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Despite predictions to the contrary, the 2016 financial year so far has seen a strong showing of takeover bids announced in the public M&A deal space. In this article, we consider this trend in more detail.
Despite predictions to the contrary, the 2016 financial year so far has seen a strong showing of takeover bids announced in the public M&A deal space. With Q3 of the 2015-16 financial year having recently wrapped up, we have reviewed the deal data available for a preview of trends we might see working through come year end.
• of the 48 public company M&A transactions for which disclosure documents were lodged with ASIC during Q1 and Q2 of FY2016, 54 percent (by number) related to takeover bids.1 This represents an increase in proportionate representation of takeover bids compared to schemes of arrangement for the equivalent period in FY2015;
• of the 29 proposed Australian public company control transactions announced during the first 3 quarters of FY2016, 62 percent (by number) were announcing takeover bids2 rather than proposed schemes of arrangement; and
• 28 takeover bids were made during the period July-December 2015, almost double the 16 in the previous 6-month period.3
What is interesting about this potential trend is that it comes at a time when Australian corporates are cognisant of the potential benefits of conducting a (friendly) control transaction by way of scheme of arrangement rather than by takeover bid. Those benefits include all-or-nothing target ownership and the benefit of due diligence—see our Takeovers Guide4 for further detail.
So—why are we seeing so many takeover bids launched?
Since hostile transactions can only be implemented via takeover bid and not by scheme of arrangement, a rise in hostile transactions could explain the surge in the popularity of takeover bids.
However, in fact the number of hostile bidders’ statements lodged with ASIC in FY2016 (as a proportion of public company transaction documents lodged) is largely on trend with the proportion of hostile transactions we have seen in the market over the past 5 years.
It is possible that the uptick in takeover bids is a response to a perception that control transaction bids are more likely to be contested in the current market conditions. While schemes of arrangement offer some flexibility if structured appropriately from the outset, takeover bids offer greater flexibility since price increases and timing extensions can be implemented easily at short notice. This may appeal to a bidder who thinks that their bid might become contested.
As we noted in our February 2016 newsletter,5 2015 saw a raft of takeover bids being defeated by the emergence of a rival bidder:
• G8 Education’s scrip bid with an initial value of $0.70 per share for Affinity was topped by Anchorage’s successful scheme proposal at $0.92 (a 31.4 percent increase);
• Westside’s cash offer of $0.12 per share for Armour Energy was topped by American Energy Partners’ offer of $0.25 (an increase of 108.3 percent);
• Zijin Mining’s cash offer of $0.10 per share for Phoenix Gold was topped by Evolution Mining’s cash and scrip bid valued at $0.158 (an increase of 58 percent); and
• Pulse Group’s scrip bid valued at $0.88 for Vision Eye Institute was topped by Jangho Group’s cash bid of $1.10 (a 25 percent increase).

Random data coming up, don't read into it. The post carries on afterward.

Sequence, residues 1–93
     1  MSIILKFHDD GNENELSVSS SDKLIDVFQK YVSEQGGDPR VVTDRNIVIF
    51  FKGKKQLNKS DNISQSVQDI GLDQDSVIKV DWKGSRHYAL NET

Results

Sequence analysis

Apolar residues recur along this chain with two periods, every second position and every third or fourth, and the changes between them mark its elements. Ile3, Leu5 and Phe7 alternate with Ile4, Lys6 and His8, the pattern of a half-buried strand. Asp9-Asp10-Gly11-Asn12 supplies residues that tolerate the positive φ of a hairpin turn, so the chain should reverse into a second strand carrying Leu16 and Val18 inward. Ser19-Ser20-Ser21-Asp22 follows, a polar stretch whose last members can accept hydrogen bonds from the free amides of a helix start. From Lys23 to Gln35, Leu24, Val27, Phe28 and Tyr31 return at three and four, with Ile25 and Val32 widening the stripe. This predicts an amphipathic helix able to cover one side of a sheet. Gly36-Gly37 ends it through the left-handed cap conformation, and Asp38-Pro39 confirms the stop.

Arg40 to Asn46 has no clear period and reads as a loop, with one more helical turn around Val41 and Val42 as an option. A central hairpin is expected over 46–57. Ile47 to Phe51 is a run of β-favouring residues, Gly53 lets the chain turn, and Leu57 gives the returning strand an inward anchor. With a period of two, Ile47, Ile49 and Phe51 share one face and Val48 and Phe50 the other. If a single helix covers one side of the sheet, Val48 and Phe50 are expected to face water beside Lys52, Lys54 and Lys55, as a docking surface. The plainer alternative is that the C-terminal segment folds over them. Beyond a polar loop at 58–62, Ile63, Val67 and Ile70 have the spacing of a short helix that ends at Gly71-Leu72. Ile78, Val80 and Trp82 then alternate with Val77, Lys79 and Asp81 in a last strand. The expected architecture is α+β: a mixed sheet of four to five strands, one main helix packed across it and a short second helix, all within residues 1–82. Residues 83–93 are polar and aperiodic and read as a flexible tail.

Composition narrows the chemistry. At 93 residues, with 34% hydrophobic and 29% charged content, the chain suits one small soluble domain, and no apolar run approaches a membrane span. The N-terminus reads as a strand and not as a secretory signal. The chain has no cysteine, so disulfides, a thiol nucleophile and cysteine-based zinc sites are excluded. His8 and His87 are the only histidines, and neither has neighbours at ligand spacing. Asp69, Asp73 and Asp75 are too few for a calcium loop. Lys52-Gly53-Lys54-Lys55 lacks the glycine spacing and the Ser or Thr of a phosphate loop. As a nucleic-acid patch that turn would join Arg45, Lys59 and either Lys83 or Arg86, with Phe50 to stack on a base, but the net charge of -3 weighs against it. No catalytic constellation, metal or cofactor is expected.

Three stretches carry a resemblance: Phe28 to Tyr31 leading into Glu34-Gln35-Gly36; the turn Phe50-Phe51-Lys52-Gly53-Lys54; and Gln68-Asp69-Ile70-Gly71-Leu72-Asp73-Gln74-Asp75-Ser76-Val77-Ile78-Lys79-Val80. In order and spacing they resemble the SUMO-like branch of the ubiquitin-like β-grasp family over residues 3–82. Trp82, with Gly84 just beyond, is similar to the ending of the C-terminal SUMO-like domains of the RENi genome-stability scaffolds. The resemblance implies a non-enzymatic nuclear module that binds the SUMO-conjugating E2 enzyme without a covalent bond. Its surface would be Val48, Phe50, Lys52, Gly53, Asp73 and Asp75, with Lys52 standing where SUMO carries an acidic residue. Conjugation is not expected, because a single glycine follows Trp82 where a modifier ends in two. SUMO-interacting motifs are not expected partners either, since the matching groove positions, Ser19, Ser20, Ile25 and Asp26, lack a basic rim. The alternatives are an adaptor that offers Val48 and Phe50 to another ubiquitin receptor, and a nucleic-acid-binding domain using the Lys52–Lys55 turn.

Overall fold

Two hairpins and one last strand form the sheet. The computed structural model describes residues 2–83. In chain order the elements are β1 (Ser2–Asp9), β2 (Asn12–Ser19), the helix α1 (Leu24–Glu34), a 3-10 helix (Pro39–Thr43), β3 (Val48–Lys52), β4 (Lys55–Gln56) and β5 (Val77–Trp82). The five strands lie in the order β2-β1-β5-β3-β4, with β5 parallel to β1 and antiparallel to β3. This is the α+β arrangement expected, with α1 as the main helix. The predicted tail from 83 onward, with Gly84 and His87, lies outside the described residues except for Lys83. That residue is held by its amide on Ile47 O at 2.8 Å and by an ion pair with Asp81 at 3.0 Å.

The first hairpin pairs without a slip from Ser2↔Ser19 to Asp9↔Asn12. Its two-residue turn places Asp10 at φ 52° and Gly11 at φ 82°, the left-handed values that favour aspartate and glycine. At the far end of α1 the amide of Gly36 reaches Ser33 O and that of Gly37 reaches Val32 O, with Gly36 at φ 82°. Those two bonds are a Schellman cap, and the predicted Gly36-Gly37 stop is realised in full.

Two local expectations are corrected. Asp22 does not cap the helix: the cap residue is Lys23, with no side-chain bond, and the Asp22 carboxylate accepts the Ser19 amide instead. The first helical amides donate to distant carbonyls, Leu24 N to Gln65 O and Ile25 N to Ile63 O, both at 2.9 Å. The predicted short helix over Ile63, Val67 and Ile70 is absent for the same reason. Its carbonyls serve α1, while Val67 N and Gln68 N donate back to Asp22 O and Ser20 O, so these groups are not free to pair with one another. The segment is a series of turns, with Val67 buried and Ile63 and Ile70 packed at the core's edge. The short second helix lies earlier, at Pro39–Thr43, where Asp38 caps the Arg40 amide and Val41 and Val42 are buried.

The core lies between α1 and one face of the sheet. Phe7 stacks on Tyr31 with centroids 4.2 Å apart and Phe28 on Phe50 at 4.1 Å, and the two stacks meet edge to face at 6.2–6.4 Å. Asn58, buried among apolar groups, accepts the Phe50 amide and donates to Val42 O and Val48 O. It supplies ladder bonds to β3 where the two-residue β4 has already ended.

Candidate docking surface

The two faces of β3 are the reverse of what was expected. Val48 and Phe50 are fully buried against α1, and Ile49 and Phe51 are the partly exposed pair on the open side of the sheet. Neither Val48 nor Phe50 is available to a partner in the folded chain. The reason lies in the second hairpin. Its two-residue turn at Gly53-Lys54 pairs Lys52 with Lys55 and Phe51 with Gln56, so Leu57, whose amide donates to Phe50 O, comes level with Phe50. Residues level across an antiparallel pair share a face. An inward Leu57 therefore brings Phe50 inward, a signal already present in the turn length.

A ‘live’ example of a nimble approach to a contested control transaction bid is the Asciano transaction, which has played out over the entire financial year to date. While Brookfield (the original bidder) had initially proposed a scheme of arrangement with Asciano, Brookfield instead lodged a takeover bid in respect of the shares in the company once a potential rival bidder, the Qube Consortium, emerged. Through this structure, Brookfield was able to amend the terms of its takeover bid, including extending the offer period, in order to be able to respond flexibly to the emergence of the Qube Consortium’s proposal. Ultimately, this has resulted in a ‘Joint Consortium’ scheme of arrangement proposal, involving both Brookfield and the Qube Consortium.
If bidders are seeking the advantages of increased flexibility in using the takeover bid structure, this potentially benefits target shareholders as well. A recent study of deals announced over the period 2000 to 2011 published in the Australian Journal of Management found that target shareholders receive significantly larger premiums under takeovers than schemes of arrangement, although a survey conducted on behalf of Herbert Smith Freehills found that the average premium in a recommended or friendly takeover bid was not materially higher than the average premium paid in schemes of arrangement, over the period 1996-2012. Of course where bids are contested, the auction effect is ultimately to the benefit of the target’s shareholders through achievement of a higher price.
Will takeovers continue their upward march in the public M&A sphere? Time will tell, and we will keep you posted.
Rebecca Maslen-Stannage is a partner at Herbert Smith Freehills, Sydney. She may be reached at Rebecca.Maslen-Stannage@hsf.com. Katie Simmonds is a solicitor at Herbert Smith Freehills, Sydney. She may be reached at Katie.Simmonds@hsf.com.
1 26 takeover bids compared to 22 schemes of arrangement; ASIC Report 469, ASIC regulation of corporate finance: July to December 2015 (Published February 2016). Data has been modified to reflect duplicate entries relating to single transactions.
4 Herbert Smith Freehills, Takeovers in Australia 2016.
5 Herbert Smith Freehills, Analysis of 2015 takeover defence tactics.
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